BioWare: Triple-A is the wrong thing to chase

Big console development "more dangerous than it's ever been," says Zeschuk

BioWare co-founder Greg Zeshuk has said that triple-A console game development is the wrong thing for developers to pursue, as only the top ten companies can do it successfully.

The creator of Mass Effect and Dragon Age said there are better opportunities developing, and that boxed game sales for traditional retail is declining year-on-year.

"It's more competitive than it's ever been, it's more dangerous than it's ever been," Zeschuk told attendees of the Develop Conference in Brighton. "Right now it's precisely the wrong thing to chase."

Publishers are being increasingly conservative as only the best titles break through sales barriers, said Zeschuk, with costs continuing to rise.

"The risk taking is disappearing on the publisher side," he said. "There's exceptions but it costs a lot of money and you've got to set the right goals."

Zeschuk said he was encouraged by moves by veteran developers opting out of big blockbuster development and start-up smaller teams, which are able to build a tight business with a positive working culture.

"I've enjoyed seeing the elder developers retrench to smaller teams. They're building a stronger culture, they're building microgroups that are quite successful," said Zeschuk, adding that going direct to consumers rather than through bricks and mortar was also a huge opportunity for developers.

"Retail still works but it's not a panacea," he added.

BioWare itself would continue to work on consoles, but Zeschuk made a point of saying the business would be "aggressively experimenting" with other opportunities as it has with recent Facebook and iPhone projects.

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Latest comments (4)

Pier Castonguay Programmer 7 years ago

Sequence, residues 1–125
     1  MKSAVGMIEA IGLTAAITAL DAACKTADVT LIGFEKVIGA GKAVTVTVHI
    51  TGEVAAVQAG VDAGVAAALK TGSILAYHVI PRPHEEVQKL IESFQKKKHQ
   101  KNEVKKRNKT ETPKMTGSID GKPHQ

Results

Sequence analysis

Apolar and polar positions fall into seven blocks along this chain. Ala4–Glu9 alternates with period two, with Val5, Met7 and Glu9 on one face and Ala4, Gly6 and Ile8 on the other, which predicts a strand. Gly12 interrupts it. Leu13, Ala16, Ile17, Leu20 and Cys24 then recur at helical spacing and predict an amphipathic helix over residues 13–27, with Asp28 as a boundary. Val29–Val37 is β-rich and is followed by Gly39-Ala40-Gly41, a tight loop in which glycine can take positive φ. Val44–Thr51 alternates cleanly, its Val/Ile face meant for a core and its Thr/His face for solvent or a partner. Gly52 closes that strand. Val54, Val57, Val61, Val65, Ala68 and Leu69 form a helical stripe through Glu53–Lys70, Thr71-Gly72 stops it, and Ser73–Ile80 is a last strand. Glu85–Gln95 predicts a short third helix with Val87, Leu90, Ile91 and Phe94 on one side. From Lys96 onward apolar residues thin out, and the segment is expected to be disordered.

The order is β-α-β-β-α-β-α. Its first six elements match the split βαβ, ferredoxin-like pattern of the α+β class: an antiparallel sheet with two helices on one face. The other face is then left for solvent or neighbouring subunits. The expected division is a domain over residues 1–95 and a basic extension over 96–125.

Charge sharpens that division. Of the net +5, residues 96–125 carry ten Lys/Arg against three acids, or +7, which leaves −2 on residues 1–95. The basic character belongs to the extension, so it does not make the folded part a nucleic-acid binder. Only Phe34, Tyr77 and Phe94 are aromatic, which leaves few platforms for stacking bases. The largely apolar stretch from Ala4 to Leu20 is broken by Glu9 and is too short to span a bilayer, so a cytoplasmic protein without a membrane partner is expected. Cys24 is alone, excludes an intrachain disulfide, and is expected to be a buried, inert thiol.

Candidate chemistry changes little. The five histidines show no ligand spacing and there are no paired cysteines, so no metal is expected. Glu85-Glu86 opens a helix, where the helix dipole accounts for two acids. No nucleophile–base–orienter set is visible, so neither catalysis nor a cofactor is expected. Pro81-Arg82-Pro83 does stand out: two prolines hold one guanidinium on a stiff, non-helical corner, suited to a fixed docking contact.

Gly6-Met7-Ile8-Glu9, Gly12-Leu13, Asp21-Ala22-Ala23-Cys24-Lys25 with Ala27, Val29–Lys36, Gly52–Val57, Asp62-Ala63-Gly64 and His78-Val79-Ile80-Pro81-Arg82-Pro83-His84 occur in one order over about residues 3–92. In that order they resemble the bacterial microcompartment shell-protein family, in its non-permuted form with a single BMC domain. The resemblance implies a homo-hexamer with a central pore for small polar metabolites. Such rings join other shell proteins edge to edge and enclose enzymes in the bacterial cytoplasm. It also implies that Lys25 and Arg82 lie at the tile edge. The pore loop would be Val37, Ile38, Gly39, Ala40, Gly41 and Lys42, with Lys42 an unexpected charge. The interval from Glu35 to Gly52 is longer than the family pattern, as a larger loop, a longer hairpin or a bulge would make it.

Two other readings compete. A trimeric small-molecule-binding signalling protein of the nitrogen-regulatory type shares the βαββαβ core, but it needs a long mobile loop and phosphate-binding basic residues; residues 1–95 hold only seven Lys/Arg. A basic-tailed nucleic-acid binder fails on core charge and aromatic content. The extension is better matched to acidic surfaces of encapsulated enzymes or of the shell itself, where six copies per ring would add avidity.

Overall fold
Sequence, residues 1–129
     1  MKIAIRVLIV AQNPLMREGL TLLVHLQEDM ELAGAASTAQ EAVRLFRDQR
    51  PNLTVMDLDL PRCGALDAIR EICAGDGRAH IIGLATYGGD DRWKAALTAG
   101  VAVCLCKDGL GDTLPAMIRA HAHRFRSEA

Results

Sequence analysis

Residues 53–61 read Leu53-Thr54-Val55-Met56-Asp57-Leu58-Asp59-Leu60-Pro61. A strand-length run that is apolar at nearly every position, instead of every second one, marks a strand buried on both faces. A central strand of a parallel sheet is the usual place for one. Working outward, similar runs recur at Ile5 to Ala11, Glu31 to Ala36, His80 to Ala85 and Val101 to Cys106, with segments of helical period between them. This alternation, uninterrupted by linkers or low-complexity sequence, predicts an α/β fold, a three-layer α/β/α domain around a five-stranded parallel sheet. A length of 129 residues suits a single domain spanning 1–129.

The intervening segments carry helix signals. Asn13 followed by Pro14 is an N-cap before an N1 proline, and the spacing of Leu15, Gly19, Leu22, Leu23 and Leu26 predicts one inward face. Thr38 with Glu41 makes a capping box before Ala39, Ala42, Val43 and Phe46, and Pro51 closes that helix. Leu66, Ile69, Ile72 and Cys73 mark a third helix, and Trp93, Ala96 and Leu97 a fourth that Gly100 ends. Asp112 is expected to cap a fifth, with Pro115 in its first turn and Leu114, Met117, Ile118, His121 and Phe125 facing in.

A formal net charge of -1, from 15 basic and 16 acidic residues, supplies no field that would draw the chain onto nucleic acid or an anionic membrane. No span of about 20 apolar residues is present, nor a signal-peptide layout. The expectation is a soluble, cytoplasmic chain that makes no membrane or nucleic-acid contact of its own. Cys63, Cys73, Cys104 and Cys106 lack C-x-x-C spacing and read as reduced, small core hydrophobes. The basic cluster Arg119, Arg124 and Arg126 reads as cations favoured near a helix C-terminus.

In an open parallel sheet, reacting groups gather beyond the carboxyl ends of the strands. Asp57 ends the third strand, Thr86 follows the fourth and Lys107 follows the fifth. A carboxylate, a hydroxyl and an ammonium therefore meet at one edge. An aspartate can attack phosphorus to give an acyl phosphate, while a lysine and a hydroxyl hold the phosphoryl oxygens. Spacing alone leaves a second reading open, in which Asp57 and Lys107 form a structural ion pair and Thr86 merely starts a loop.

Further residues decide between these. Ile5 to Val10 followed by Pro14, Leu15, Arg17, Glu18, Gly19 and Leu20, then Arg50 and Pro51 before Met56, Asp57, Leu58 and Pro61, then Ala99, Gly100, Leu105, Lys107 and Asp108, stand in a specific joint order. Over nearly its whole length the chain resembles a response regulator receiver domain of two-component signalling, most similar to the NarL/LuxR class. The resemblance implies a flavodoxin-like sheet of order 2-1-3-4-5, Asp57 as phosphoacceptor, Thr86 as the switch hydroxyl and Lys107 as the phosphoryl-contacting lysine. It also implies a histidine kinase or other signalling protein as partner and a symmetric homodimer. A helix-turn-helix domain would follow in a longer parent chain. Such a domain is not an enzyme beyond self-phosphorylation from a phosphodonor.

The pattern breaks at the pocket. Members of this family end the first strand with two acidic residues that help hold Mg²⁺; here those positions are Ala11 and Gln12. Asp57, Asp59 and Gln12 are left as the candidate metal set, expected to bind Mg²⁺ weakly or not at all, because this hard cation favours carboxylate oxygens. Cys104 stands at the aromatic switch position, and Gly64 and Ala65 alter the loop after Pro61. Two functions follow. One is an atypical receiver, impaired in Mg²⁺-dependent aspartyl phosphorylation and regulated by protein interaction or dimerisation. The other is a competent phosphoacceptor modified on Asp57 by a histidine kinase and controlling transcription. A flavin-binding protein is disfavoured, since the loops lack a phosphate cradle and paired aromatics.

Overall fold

WWhhhattt? 80%+ of games released in the past 2 years had been B or C level games, with barely no sales and profits. Games that still needed a lot of work to do, and simply a bit of extra polishing might have put then on the radar but instead it went directly to trash. On the other hand, the AAA titles (From BioWare, Activision-Bllizzard, others), received praises in every public domain (reviews sites, tv, magazines, gossip) and made billions of profit. I can't believe one of the only company still doing AAA-exclusive title will start to produce let-down games too. :(

Not to mention that you actually can create an AAA title with barely no budget and a small team of confident and enthusiasm people given enough time and creativity freedom.

Edited 2 times. Last edit by Pier Castonguay on 14th July 2010 1:20pm

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Andrew Clayton QA Weapons Tester, Electronic Arts7 years ago
I agree with Pier. Most of the B and C games on the market still have the potential to be AAA titles, but have some sort of major flaw that keeps them from that goal. If those flaws were corrected somehow those titles would definitely be contenders. I understand what Zeshuk is trying to say, but avoiding the AAA isn't the solution to most of the current problems, spending more time in QA is.
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Daniel Leaver Creative Director, Ambient Studios Ltd7 years ago
To put a counter point to you, Pier, I don't think Mr Zeshuk is referring to the quality of the game, but rather than size and scope of the project. AAA is a weird beast, and can describe anything from massive Blizzard titles to the relatively small "Portal" or even LittleBigPlanet.

What I read from the article is "Don't always try to make a sprawling epic boxed product, spending 50m in the process, because year on year these are making less cash. Why not try focusing on smaller projects, with a high level of quality, in different markets (such as PSN/XBL/Mobile)."

Also, your final comment about making a AAA title "with barely no budget and a small team" is very true, except for the fact that "enough time and creative freedom" does in fact tend to cost a lot of money!
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William Welch Gameplay Programmer 7 years ago
I don't think he's saying make B and C quality games instead of AAA, but look toward AA or maybe just A instead. AAA is 10's of millions in budget and 100 or more developers working for a few years on a huge project. It makes perfect sense that this is totally unachievable and a MASSIVE risk for most. As he said, there are only a handful of developers who can pull this off and make a good profit. Why not cut the budget and developers in half and still turn out a great game with a smaller scope?
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